HMRC’s plans to make employers and engagers responsible for operating new intermediaries legislation and determining whether workers using Personal Services Companies (PSCs) are paying the correct level of tax have come under fire in research commissioned by the department
In a bid to tackle the issue of tax avoidance by individuals who would normally be taxed as an employee, but are supplying their services through an intermediary, typically a PSC, HMRC is consulting on whether employers and/or engagers should be made responsible for operating new intermediaries legislation, rather than the intermediaries themselves.
However, research carried out by for HMRC at the end of last year among government departments, public sector bodies and businesses of varying sizes suggests there is general resistance to the proposed responsibility shift across all organisations.
In highly negative reaction to the proposals, respondents said there would be a loss of flexibility, with organisations claiming HMRC was ‘passing the buck’ while they were unable to see an upside for them.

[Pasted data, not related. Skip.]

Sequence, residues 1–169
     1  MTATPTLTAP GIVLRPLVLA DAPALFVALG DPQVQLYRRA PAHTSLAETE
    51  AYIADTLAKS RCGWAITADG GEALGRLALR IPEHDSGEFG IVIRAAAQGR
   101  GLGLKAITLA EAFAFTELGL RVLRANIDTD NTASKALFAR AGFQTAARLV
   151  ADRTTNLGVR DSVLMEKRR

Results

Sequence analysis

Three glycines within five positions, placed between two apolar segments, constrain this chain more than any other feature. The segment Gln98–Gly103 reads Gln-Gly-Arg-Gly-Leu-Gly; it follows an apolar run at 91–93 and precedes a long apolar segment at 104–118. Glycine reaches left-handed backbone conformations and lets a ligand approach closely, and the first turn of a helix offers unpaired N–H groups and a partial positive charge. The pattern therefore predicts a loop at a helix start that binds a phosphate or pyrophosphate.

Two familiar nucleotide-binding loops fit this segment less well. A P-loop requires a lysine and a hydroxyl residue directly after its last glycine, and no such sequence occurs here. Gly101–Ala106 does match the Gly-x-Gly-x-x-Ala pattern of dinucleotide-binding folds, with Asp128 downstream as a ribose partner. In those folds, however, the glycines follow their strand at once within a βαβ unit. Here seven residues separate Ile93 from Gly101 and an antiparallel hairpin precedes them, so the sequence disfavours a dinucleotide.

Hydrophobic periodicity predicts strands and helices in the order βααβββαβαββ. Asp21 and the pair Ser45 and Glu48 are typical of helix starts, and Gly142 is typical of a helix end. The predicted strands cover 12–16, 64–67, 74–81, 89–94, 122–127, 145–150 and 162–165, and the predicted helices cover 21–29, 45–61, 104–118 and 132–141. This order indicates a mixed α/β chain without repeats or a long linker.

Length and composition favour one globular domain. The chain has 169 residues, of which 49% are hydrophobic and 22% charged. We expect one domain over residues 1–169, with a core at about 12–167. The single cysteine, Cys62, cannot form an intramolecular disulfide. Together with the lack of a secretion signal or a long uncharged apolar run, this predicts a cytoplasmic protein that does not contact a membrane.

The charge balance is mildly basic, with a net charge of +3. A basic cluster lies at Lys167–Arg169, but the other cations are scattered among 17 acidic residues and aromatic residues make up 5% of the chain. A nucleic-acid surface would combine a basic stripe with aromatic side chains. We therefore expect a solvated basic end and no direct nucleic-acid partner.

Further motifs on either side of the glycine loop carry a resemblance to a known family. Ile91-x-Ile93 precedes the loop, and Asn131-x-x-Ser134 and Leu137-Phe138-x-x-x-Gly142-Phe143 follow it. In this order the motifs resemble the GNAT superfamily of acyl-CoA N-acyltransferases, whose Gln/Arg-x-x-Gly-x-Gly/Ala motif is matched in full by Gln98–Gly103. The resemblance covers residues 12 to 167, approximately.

Respondents complained that they would have to set up expensive new administrative systems and criticised the increased monitoring requirements and expressed concerns about workers’ privacy.
There also was a desire for clarity in the implementation of and compliance with the new rules and a calls for simplicity and certainty, particularly in the employee test.
Survey respondents said HMRC’s new ‘supervision, direction or control’ test was not helpful, with the overall consensus being that it would encompass the vast majority of subcontractors, while failing to take account of more senior subcontractors who would, by their nature, be more independent in their work.
The report concluded: ‘The potential changes were not supported by businesses overall. Many used temporary staff and considered them to be central to the success of their business – primarily in terms of the flexibility and skills they provided. The option of shifting the responsibility for applying the intermediaries legislation was seen as undermining their business and the relationship with self-employed workers.
‘Businesses saw the changes as being potentially costly, burdensome and constraining. This concern was shared even by those who rarely used PSCs.’
The research found that checking of temporary staff’s status as a PSC or otherwise was less formal or widespread outside the government and public sector, where there were strict guidelines.
The report states: ‘There was a common assumption particularly evident in smaller organisations that subcontractors will deal with their own tax and that this is in the “nature” of being self-employed. Therefore many organisations, particularly smaller ones, stated that they do not ask about tax status.’